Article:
Newman indicates that monkey research will help women battling cancer. Saying this doesn't make it so. Cancer research in animals has been a failure and will continue to fail because rat or monkey cancer is not the same as human cancer. http://www.curedisease.com/FAQ.html#cancer In March of last year Fortune Magazine had a cover article called "Why We Are losing the War on Cancer and How to Win It". It discusses how we have had lots of apparent breakthroughs in lab animals and they just haven't translated to humans. The article, quotes Robert Weinberg, professor of biology at MIT and winner of the National Medal of Science, referring to mice, "A fundamental problem which remains to be solved in the whole cancer research effort, in terms of therapies, is that the preclinical models of human cancer, in large part, stink". Is Fortune a radical animal rights publication? For a lengthier discussion of why animal research won't cure cancer see Sacred Cows and Golden Geese by Drs. Ray and Jean Greek.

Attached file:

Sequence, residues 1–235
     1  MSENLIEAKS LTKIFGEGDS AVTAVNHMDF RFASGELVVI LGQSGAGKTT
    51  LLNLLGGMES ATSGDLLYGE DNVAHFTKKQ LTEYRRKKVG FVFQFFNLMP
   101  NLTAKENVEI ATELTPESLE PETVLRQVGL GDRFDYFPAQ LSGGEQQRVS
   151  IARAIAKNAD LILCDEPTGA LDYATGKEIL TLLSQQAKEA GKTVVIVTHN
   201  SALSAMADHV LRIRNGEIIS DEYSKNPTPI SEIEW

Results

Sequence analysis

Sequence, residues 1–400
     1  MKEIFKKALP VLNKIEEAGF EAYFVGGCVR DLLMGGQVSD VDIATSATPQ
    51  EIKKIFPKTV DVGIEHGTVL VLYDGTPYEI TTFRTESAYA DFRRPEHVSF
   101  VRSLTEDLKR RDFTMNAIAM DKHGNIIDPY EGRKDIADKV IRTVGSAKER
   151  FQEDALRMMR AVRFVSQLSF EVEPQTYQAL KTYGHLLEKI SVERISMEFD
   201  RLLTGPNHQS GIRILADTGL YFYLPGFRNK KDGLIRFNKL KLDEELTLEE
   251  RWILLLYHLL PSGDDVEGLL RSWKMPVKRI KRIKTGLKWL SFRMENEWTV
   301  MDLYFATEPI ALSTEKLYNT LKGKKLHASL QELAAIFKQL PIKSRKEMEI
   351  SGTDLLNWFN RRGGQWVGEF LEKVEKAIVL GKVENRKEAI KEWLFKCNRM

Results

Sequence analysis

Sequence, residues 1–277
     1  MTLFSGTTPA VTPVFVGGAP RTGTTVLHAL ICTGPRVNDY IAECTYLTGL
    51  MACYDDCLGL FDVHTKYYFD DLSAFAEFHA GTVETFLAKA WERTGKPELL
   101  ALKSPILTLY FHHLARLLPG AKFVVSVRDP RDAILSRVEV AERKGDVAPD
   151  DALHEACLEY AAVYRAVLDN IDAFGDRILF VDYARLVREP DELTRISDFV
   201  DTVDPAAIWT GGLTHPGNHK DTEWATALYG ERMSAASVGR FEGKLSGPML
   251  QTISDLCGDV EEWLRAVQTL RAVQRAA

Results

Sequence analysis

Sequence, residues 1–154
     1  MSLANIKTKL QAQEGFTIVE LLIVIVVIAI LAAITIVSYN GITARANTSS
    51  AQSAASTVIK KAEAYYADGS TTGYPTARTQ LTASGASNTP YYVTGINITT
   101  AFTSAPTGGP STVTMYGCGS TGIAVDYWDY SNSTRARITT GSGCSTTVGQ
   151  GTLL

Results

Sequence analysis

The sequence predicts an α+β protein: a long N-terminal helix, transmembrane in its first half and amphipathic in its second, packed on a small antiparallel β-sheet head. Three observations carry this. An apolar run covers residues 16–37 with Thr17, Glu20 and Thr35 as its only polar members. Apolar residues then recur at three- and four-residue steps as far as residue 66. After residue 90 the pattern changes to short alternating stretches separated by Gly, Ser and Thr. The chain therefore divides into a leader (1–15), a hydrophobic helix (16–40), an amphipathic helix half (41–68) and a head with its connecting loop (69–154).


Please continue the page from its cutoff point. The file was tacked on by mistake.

"Giving cancer to laboratory animals has not and will not help us to understand the disease or to treat those persons suffering from it"
-Dr. Albert Sabin
"The history of cancer research has been a history of curing cancer in the mouse...We have cured mice of cancer for decades and it simply didn't work in humans "
Dr. Richard Klausner, former director of the National Cancer Institute.